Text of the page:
Being a Christian is not for the faint of heart. It is an amazing life because we get to experience intimacy with God, but that does not mean we will have comfort and ease. In addition to experiencing the same pains, losses, and tragedies as the rest of the world, Christians also have persecution, spiritual discipline and conviction, and the sometimes-painful process of sanctification. All of this culminates in a life that will leave battle scars on the canvas of our souls.
This all struck a deep nerve in me while reading Because We Love Him: Embracing a Life of Holiness by Clyde Cranford.
In his chapter on discipline, he writes that we should see all difficulties as part of the discipline of God to make us holy. Samuel Rutherford was a 17th-century Presbyterian theologian, pastor, and author, who was jailed for his religious beliefs. While reflecting on God’s discipline, he wrote, “Why should I start at the plough of my Lord, that maketh deep furrows on my soul? He purposeth a crop.”
“God purposes a crop in our lives as well,” Cranford said. And indeed He does. He intends a crop in the life of every one of His children. But what does that crop look like, and what will it include? Cranford noted several things in his book, which I highly recommend reading. I have highlighted a few of them below.
Count it all joy, my brothers, when you meet trials of various kinds, for you know that the testing of your faith produces steadfastness. And let steadfastness have its full effect, that you may be perfect and complete, lacking in nothing (James 1:2-4).
I have been present for the birth of three beautiful children. Each one came out as complete, fully formed human beings. They all had 10 fingers, 10 toes, hands, legs, eyes, and lungs they used to scream every night between the hours of midnight and 4:00 AM.
But they were not complete. They will physically grow, but they will also grow emotionally, mentally, and spiritually.
At the moment of salvation, Christians are full formed believers. They have been given all the rights and privileges belonging to the children of God. All the promises of God are poured out on them. But that does not mean they are complete. We as Christians will spend the rest of our lives pursuing a deeper understanding of Jesus putting what we learn into practice.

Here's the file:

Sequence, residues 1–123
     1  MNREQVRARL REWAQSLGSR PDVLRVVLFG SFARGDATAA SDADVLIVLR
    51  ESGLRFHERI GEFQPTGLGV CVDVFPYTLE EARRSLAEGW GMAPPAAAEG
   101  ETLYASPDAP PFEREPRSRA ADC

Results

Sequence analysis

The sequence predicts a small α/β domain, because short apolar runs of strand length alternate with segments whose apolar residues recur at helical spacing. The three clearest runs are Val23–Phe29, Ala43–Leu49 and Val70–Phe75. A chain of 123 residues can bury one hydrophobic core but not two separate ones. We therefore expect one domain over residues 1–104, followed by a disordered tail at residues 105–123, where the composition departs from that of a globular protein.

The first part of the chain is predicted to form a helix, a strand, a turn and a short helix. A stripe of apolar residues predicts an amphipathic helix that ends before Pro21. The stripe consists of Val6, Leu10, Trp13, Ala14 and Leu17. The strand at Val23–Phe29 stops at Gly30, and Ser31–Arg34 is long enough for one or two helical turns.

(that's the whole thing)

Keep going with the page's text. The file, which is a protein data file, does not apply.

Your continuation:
For those he foreknew he also predestined to be conformed to the image of his Son, in order that he might be the firstborn among many brothers (Romans 8:29).
I love a good recliner. There are few things in this world more relaxing to me than plopping down in a worn recliner, throwing my feet up, and reading a book. I did this even as a child.
But when I would visit my grandfather, his recliner was never really comfortable to me. As I grew, I began to understand why. Other than myself and my sister, my grandfather was the only one who ever sat in that chair. It was formed to him. It rocked at a slight angle because that was how he rocked it. The footstool had an impression in the middle because he always sat with his left ankle on top of his right.
As we Christians progress in our sanctification, our hearts will become more and more conformed to Jesus. When we try to take back the throne of our heart, it won’t sit right. When we place the world as our top priority, it won’t be comfortable.
You may look at your life and be discouraged because you see a deeper impression of Jesus on the lives of those around you than in yourself. But take heart, this verse is a promise from God. He will do the work of conforming you, of impressing Himself on your soul. This does not mean you have no work to do. You are an active participant in your sanctification, but you are not working alone. The Spirit of God, who lives in you, “will guide you into all truth” (John 16:13).
But our conformity to the image of Jesus is but one fruit of the crop God has for us.
Glory of Christ
In this you rejoice, though now for a little while, if necessary, you have been grieved by various trials, so that the tested genuineness of your faith—more precious than gold that perishes though it is tested by fire—may be found to result in praise and glory and honor at the revelation of Jesus Christ (1 Peter 1:6-7).
God’s primary motivation is His own glory. This is not out of vanity or misplaced pride, but because it is right. Who else would God give glory to? Who or what would be worthy of the praise of God?
Being conformed to the image of Christ is to live a life wholly dedicated to the glory of the One we are imitating. I recently listened to one of my favorite teachers, Michael Kruger, teach through the book of Hebrews. One of the primary messages of Hebrews is the supremacy of Jesus. He is the point of the Old Testament. He is the point of the New Testament. His glory is the point of our lives.
He is the only being worthy “to receive glory and honor and power, for [He] created all things, and by [His] will they existed and were created” (Revelation 4:11).
The final crop of our lives is the glory of Christ. Conforming to the image of Christ is done for the glory of Christ. Every day we live and breathe is for the glory of Christ. And when we breathe out for the last time in this life, we will die for the glory of Christ and dwell, eternally, in the glory of Christ.
God has purposed a crop for your life. Much fruit will come. But at the final harvest, the ultimate end of your life and mine will be the glory of Jesus Christ. Let that thought give us hope, encouragement, and the strength to persevere.